The process of reconstructing the past is fascinating, and that’s why I want to spend time working through its complexities and writing history myself. But if I honestly recall what drew me to reading about the past in the first place, it is fiction. Specifically, children’s historical fiction presented as the diaries of girls my age, living through various periods in Canadian and world history.
Across the internet this subplot has been dismissed as inscrutable and interminable, but The Toast is made of sterner stuff. At a moment when the funding of the National Health Service in Britain is under constant debate, and junior doctors are demonstrating in the streets and talking about strike action, it’s worth taking Downton’s invitation to think about the history of paying for medical care.
It is 1925, and change is coming to Downton. No one who watched Sunday night’s episode could possibly have missed this point. Repeated by numerous characters, it was underscored by the rumors of impending staff reductions at the Abbey -- and even more by the auction held at a neighboring manor house, Mallerton, after its owners have been forced to sell.
Alexander Hamilton was an important figure in American history for many reasons. He was America’s first Secretary of the Treasury, founded the New York Post, and together with his friend and rival Aaron Burr invented rap in 1776.
American society is always interested in what makes us Asian; it is rarely, if ever, interested in what makes us American. If no one understands what can happen when that second half of the term is stripped from us, no one can keep the injustice committed against Japanese Americans from being committed against other communities.
I don't know what to tell you, frankly. You were married to Henry for twenty-four years, which apparently wasn't enough time for you to learn his personality, which was easily irritated and soothed. Are you allergic to noticing which way the wind is blowing? Because that's the only explanation I can think of for your self-destructive behavior.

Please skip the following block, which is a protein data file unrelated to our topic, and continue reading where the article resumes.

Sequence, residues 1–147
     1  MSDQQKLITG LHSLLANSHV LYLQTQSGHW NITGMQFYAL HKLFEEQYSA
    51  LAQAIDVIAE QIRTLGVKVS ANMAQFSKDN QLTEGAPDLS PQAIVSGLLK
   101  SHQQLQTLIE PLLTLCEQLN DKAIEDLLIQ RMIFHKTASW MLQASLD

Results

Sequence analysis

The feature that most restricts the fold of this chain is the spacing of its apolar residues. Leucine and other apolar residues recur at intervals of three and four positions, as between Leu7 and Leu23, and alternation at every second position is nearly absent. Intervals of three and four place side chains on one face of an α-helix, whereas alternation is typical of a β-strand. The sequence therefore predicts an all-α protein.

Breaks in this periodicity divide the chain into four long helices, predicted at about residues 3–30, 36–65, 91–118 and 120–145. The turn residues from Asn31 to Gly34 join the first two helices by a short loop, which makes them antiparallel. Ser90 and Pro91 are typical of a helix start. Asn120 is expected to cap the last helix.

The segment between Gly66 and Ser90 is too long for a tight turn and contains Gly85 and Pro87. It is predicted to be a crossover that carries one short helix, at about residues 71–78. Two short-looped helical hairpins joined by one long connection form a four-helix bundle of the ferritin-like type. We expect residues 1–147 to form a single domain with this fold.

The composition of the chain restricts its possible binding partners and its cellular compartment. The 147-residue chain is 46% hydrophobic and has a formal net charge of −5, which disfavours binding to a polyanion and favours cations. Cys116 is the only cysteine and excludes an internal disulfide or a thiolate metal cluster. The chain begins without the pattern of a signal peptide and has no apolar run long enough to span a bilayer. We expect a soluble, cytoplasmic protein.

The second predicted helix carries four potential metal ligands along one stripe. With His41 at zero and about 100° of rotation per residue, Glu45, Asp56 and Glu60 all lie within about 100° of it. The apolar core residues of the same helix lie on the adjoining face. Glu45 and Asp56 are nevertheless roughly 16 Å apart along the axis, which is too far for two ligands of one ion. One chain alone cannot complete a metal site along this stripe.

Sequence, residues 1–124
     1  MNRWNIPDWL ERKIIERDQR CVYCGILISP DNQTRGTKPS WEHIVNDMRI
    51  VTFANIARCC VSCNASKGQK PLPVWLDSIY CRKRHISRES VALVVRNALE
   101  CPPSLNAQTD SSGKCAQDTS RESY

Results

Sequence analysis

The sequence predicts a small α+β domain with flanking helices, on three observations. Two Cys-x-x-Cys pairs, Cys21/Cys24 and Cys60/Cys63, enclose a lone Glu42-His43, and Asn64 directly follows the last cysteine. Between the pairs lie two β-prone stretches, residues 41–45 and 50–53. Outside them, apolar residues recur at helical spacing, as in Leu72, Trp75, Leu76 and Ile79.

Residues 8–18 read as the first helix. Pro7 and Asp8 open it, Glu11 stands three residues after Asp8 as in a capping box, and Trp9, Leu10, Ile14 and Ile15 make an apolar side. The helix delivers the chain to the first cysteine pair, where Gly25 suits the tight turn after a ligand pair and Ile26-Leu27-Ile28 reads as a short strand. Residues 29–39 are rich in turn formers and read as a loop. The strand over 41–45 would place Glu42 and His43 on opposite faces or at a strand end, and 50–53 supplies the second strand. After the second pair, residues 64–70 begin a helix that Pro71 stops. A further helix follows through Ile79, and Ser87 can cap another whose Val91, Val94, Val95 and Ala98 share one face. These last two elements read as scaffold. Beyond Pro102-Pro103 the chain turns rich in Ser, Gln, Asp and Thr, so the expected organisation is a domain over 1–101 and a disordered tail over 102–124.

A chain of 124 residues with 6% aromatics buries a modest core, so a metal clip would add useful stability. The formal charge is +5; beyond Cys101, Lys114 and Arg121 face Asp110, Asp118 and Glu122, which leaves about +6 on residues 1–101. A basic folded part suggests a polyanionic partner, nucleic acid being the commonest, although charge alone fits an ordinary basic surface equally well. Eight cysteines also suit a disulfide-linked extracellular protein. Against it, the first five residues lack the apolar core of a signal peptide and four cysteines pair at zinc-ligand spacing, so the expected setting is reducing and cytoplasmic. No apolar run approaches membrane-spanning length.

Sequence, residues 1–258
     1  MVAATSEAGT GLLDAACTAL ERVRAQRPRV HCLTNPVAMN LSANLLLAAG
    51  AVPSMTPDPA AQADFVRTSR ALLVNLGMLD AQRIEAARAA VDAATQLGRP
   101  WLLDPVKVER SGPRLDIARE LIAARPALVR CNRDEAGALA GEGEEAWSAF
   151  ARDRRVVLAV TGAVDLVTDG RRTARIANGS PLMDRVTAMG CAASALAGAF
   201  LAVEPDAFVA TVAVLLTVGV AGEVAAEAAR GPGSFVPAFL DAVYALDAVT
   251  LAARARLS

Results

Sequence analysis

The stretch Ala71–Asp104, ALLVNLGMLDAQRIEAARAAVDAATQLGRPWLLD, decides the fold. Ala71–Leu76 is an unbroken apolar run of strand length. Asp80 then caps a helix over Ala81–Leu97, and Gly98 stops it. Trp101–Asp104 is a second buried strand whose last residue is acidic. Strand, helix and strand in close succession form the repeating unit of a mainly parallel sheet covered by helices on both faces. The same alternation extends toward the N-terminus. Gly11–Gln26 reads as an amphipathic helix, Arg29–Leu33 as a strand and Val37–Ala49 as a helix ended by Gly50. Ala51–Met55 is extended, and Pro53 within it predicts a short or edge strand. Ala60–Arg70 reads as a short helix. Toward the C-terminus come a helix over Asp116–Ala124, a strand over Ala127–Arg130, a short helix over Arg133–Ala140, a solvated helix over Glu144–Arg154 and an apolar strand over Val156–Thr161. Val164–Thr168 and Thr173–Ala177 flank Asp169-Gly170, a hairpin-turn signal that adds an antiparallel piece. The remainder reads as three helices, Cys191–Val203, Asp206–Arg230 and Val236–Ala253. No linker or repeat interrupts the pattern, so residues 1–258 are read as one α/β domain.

In 1949, when I was five, my cautious Catholic parents bought a movie theatre in a Lutheran-Mennonite village in southern Ontario. My mother later told me they were trying to give my father a break from teaching high school—a rest from the long hours, the conscientious prep and marking, and the stress of dealing with unruly teenagers.
Remember that scene in season five of Buffy where Giles asks Ben if he can move and then tells him that "Buffy's a hero...not like us," emphasis on the us, and Ben says "Us?" and then Giles stares him dead in the eye and deliberately smothers him with his bare hand, because he's going to do something he knows that Buffy should never have to do but that at the same time absolutely has to be done?…
A of all, she definitely was a lesbian, and I'm not going to have this argument with you. She lesbianed all over Great Britain, and every woman she ever lesbianed with made the ultimate mistake of forgetting that Anne was the Queen, the rightful head of God's true church and the lawful ruler of the Empire, ruining their chances of staying in her good graces for the duration of her reign, Sarah Churchill.
Sammy Peeps! The most endearing quality of everyone's favorite Restoration-era diarist, I think, is his charmingly innocent belief that he was a master of linguistic misdirection. "Pepys' diary was written in shorthand so could not easily be read by a casual browser. There are, however, some passages of a secretive nature where, for reasons of concealment or because his passion deserves a special language, he resorts to a private code involving words based on Spanish,…
There are, I think, drawbacks to being constantly incredulous. I wouldn't say that a substantial dose of skepticism isn't a good idea; I will merely suggest that excessive mistrust can result in the loss of potential joy, and I do not want that for you. I want you to maximize your possible happiness, while maintaining a healthy, wary outlook that protects you from getting eaten by predators. The possibility that I want you to entertain…